Police and the Catholic Church are to form a joint group to examine the role of priests in emergency situations following the denial of last rites to murdered Catholic MP Sir David Amess.
Cardinal Vincent Nichols and Metropolitan Police Commissioner Dame Cressida Dick have agreed to work together to establish the group to study the access given, or refused, to Catholic priests to scenes of traumatic violence.
In particular, the group will consider whether any changes are required to the guidance issued to officers faced with such situations.
The review follows an outcry at the refusal of officers to permit Fr Jeffrey Woolnough to pass through a police cordon and administer the final sacraments of the Church to Sir David after he was stabbed repeatedly at a constituency surgery in Essex on October 15.
Cardinal Nichols, the Archbishop of Westminster and president of the Bishops’ Conference of England and Wales, announced the formation of the group after greeting Commissioner Dick ahead of the Catholic Police Guild’s annual Requiem Mass at Westminster Cathedral.
The Mass was celebrated by Bishop Alan Williams of Brentwood – the diocese in which Sir David lived – who now serves as the Guild’s liaison to the bishops’ conference.
Cardinal Nichols said: “In recent times questions have arisen concerning the access given, or refused, to Catholic priests to scenes of traumatic violence, such as the violent death of Sir David Amess.
“The Metropolitan Police Commissioner and I have agreed to establish a joint group to study this issue and whether any changes are required to the guidance issued to officers faced with such a situation.
“I am grateful to the Commissioner for this agreement and I am confident that it will help to establish a helpful way forward in this matter of considerable sensitivity and importance to the Catholic community.”
The Mass was offered to remember and pray for officers who have lost their lives and was attended by representatives from police forces around the country, both serving and retired, as well as several force chaplains and guild members.
The funeral of Sir David will take place in Westminster Cathedral from 10.30am on Tuesday November 23, celebrated also by Cardinal Nichols.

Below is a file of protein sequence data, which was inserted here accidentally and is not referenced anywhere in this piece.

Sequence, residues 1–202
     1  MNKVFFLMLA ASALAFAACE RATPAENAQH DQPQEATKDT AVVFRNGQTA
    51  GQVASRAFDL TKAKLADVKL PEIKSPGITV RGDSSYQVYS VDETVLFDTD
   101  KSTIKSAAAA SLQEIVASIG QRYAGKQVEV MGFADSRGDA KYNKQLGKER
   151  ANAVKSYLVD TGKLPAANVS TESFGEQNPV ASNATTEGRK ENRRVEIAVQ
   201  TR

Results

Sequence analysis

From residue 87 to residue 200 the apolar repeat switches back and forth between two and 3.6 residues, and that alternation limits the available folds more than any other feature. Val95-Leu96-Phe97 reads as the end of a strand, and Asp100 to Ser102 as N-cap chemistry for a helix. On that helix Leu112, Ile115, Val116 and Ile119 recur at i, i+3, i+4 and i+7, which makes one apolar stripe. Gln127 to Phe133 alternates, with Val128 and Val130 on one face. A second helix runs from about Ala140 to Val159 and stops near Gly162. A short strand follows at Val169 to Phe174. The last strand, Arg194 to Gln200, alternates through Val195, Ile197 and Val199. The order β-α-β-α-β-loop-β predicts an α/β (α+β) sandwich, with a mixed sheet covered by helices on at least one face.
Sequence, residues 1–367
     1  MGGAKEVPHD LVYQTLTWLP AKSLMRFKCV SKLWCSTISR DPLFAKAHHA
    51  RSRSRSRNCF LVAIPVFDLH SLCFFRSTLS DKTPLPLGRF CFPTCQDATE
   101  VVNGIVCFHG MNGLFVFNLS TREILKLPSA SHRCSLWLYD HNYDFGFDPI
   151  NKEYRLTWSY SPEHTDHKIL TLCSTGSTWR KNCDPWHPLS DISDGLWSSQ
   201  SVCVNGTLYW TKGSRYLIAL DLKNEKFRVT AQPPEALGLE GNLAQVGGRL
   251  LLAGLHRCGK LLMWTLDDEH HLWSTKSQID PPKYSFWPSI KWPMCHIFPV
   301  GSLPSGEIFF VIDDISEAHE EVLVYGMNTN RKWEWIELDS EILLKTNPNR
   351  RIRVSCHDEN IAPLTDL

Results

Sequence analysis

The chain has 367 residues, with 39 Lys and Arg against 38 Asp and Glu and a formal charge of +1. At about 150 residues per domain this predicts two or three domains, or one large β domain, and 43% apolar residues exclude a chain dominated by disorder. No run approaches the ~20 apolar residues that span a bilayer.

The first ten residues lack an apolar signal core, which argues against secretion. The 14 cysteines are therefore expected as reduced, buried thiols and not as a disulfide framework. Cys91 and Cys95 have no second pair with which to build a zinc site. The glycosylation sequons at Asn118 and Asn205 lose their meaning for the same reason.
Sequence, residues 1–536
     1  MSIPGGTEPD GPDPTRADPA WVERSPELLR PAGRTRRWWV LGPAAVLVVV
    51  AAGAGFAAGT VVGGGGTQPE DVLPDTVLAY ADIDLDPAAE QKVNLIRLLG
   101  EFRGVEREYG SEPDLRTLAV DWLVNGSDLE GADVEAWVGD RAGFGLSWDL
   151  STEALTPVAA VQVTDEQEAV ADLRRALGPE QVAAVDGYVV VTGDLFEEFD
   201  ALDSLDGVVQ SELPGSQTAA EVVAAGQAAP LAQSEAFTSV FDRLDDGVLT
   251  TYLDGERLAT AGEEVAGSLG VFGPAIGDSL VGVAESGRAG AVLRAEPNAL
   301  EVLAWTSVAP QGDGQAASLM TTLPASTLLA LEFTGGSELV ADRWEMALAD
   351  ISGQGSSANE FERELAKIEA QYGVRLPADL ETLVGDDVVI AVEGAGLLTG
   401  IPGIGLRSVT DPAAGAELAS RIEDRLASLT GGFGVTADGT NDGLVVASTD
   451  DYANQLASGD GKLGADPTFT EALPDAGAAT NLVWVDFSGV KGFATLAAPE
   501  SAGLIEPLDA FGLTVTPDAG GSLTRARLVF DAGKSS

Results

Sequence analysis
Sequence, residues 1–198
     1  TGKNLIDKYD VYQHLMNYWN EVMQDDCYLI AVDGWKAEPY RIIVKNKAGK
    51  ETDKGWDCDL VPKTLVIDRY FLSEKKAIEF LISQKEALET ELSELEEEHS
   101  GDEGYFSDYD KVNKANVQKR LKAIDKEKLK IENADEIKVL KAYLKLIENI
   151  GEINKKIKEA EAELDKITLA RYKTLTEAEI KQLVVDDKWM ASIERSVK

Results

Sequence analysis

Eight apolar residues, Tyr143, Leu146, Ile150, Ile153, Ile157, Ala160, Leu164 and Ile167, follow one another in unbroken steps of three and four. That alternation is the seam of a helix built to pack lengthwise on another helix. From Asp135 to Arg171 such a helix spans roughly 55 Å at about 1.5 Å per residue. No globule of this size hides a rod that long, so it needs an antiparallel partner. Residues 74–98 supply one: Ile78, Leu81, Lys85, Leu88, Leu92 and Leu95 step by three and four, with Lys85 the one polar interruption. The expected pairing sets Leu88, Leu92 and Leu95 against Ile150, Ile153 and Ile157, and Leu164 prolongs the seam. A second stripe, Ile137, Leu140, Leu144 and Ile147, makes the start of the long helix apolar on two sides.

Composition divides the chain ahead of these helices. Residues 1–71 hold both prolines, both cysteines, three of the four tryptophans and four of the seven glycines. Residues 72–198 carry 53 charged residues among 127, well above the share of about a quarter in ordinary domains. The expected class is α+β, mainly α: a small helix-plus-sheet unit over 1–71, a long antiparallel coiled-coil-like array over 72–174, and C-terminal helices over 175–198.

Sir David, Conservative MP for Southend West, was stabbed to death at Belfairs Methodist Church in Leigh-on-Sea, Essex, on October 15.
Police have since charged Ali Harbi Ali, a 25-year-old British Muslim of Somali origin, of murder and he is likely to stand trial in March next year.
The murder provoked a wave of national grief but also anger among many Catholics when it was revealed that police refused to allow Fr Woolnough, his parish priest, access to Sir David in his final moments.
It led Mike Kane, the Labour MP for Wythenshawe and Sale East, and a Catholic, to propose an “Amess amendment” to the Police, Crime, Sentencing and Courts Bill to permit priests to have access to Catholics “in the final moments of life” or to pray alongside them shortly after they have died.
Bishop Mark Davies of Shrewsbury also expressed the view that last rites should be considered an “emergency service”.
Bishop Davies said: “Every Catholic Christian hopes to receive the Sacraments and be accompanied by the prayer of the Church in the final crisis of our lives.
“Every believing Catholic desires to hear Christ’s words of pardon and absolution for the last time; to be strengthened by the grace of anointing; accompanied by the assurance of the Church’s prayer and whenever possible to receive Holy Communion.
“This is something well understood in hospitals and care homes yet the events following the murderous assault on Sir David Amess suggest this is not always comprehended in emergency situations.
“I hope a better understanding of the eternal significance of the hour of death for Christians and the Church’s ministry as an ‘emergency service’ may result from this terrible tragedy.”
(Photo courtesy of the Catholic Communications Network)
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